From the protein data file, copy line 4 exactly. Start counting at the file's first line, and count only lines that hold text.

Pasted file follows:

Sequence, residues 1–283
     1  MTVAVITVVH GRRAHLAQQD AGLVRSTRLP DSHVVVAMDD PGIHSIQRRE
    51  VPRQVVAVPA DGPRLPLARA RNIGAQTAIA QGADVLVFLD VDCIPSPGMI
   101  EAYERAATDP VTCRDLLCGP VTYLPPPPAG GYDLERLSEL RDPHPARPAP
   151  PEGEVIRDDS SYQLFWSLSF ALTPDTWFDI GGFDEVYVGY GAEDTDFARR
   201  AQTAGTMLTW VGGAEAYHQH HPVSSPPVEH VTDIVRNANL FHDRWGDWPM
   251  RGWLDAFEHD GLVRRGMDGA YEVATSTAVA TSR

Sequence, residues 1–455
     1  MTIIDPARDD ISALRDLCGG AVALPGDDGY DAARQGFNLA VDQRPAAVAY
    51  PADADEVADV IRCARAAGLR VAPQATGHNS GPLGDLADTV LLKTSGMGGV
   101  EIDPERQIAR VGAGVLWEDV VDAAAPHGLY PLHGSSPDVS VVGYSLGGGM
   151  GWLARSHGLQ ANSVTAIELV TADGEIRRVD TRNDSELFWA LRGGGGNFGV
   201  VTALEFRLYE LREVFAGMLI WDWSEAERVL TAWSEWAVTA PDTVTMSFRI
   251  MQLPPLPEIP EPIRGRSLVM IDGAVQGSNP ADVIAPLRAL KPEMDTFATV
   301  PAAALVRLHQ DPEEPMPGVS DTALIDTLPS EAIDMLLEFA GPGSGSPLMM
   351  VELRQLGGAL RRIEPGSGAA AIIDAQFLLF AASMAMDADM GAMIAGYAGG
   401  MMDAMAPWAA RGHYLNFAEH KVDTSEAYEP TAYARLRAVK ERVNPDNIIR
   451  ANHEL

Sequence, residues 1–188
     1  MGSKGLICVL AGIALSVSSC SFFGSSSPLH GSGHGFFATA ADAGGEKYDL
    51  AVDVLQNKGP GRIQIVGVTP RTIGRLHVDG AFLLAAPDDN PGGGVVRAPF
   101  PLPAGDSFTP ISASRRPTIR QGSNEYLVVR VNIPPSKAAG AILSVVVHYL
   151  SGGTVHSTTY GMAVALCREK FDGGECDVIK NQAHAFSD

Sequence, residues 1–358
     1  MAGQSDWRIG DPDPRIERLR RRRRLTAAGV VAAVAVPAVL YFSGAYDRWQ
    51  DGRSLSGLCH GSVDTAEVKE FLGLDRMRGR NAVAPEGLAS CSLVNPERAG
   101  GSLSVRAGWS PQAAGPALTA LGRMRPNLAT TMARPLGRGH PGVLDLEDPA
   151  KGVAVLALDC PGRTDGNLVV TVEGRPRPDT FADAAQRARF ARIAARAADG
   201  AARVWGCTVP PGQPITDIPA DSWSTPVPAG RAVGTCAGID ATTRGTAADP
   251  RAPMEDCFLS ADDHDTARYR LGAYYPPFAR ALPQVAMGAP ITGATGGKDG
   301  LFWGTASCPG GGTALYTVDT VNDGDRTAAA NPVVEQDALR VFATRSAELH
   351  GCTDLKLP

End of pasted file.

   101  EAYERAATDP VTCRDLLCGP VTYLPPPPAG GYDLERLSEL RDPHPARPAP